Crying hoarse against the Congress misrule, the BJP has not introduced police reforms in the states it has ruled for decades, not even in Gujarat! For any slip by the police, which comes from pressure (including political), a police officer, even a dead one, is blamed, even by some conscience keepers of the Indian society. Political parties, of course, allow their foot soldiers and loose cannons to mouth avoidables, while the senior leaders keep quiet or murmur inanities, demorlising the police further. Obviously, the current government also has no thoughts, no plans to offer to the people of India to cleanse the Khaki.
State governments led either by a national party other than the one ruling at the Centre or a regional party also have displayed similar attitude to the issue. West Bengal is a case in point of the police politicised by the CPM is now serving Mamata Banerjee’s Trinamool Congress in similar capacity. Tanked with an overwhelming majority, Arvind Kejriwal’s Aam Aadmi Party has been waging a battle with the Union Government (and BJP) to wrest Delhi Police for NCT of Delhi. In the process, he junks the police day-in and day-out; even addressing them with derogatory slang thulla. Such attitudes and processes have harmed the cause of and prevented a state perspective on police reforms, if any to emerge even in the country.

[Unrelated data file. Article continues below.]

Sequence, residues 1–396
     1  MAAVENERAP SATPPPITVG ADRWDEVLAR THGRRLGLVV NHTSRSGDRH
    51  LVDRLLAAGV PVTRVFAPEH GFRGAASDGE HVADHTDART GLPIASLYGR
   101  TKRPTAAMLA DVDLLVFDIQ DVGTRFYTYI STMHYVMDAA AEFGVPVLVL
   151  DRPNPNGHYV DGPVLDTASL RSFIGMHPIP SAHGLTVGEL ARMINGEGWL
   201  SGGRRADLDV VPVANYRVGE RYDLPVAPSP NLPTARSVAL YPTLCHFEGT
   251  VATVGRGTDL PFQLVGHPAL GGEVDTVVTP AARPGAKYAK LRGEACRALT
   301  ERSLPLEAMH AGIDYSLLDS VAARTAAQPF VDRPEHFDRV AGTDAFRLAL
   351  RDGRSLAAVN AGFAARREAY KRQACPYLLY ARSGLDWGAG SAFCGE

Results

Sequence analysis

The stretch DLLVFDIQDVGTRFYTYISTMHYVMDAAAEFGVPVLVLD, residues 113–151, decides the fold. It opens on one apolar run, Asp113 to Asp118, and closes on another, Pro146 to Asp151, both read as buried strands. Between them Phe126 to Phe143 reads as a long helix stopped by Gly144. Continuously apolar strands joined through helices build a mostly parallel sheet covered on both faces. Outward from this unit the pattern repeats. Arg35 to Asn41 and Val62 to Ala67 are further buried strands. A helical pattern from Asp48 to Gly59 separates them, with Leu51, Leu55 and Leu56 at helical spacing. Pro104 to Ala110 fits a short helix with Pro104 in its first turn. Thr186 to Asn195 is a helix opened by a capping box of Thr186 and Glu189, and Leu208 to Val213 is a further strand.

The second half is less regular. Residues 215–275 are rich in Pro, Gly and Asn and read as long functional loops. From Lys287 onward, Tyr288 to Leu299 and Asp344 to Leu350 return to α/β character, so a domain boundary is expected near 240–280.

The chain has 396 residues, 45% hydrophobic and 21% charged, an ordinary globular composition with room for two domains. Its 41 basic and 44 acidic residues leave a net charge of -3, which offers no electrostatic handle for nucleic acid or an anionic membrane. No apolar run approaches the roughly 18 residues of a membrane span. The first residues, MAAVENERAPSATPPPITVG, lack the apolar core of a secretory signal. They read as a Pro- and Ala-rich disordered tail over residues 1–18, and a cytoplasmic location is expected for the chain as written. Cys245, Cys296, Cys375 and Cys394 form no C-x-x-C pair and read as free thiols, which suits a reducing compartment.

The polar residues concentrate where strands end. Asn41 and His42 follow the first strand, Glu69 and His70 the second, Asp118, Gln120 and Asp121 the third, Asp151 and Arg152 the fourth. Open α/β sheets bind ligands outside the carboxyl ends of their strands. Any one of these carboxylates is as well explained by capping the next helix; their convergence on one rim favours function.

In 1996, two retired cops Prakash Singh and N.K. Singh and H.D. Shourie (Common Cause) had filed a PIL in the Supreme Court for expediting police reforms in India that led to the 2006 directive to the Union and state governments to urgently take measures. If the Supreme Court delivered its judgment in ten years, Union and state governments have done nothing in a decade to address this issue. The apex court gave seven directives to the Union and state governments – i) constitute a State Security Commission; ii) fixed two-year tenure for DGP; iii) two year term for SPs and SHOs; iv) separate investigation and law and order functions; v) constitute Police Establishment Board in each state; vi) set up Police Complaints Authority at state and district levels; vii) set up a National Security Commission at the Central level. Little has been done on these and, if at all something has been done, it is cosmetic; the basic issues remain unresolved. In fact, the Supreme Court had set a deadline for each set of directives, which were violated by most states. On August 23, 2007 Prakash Singh filed contempt petitions against six states – Gujarat, Punjab, Maharashtra, Karnataka, Tamil Nadu, and Uttar Pradesh. The list clearly shows that most parties and many prominent leaders are guilty of negligence in this regard.